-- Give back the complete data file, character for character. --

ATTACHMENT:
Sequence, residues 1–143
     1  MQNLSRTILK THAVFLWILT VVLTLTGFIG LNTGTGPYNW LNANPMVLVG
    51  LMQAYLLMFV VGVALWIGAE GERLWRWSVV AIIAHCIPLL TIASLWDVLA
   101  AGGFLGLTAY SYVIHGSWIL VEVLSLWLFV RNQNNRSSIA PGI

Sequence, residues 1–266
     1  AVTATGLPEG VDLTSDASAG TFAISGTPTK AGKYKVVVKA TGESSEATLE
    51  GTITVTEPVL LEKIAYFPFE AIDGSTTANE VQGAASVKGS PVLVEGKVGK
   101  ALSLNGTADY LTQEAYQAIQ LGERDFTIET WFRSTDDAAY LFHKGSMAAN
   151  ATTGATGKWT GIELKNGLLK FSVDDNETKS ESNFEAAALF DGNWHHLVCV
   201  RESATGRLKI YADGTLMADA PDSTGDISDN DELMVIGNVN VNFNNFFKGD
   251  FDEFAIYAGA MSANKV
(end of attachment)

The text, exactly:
Sequence, residues 1–143
     1  MQNLSRTILK THAVFLWILT VVLTLTGFIG LNTGTGPYNW LNANPMVLVG
    51  LMQAYLLMFV VGVALWIGAE GERLWRWSVV AIIAHCIPLL TIASLWDVLA
   101  AGGFLGLTAY SYVIHGSWIL VEVLSLWLFV RNQNNRSSIA PGI

Sequence, residues 1–266
     1  AVTATGLPEG VDLTSDASAG TFAISGTPTK AGKYKVVVKA TGESSEATLE
    51  GTITVTEPVL LEKIAYFPFE AIDGSTTANE VQGAASVKGS PVLVEGKVGK
   101  ALSLNGTADY LTQEAYQAIQ LGERDFTIET WFRSTDDAAY LFHKGSMAAN
   151  ATTGATGKWT GIELKNGLLK FSVDDNETKS ESNFEAAALF DGNWHHLVCV
   201  RESATGRLKI YADGTLMADA PDSTGDISDN DELMVIGNVN VNFNNFFKGD
   251  FDEFAIYAGA MSANKV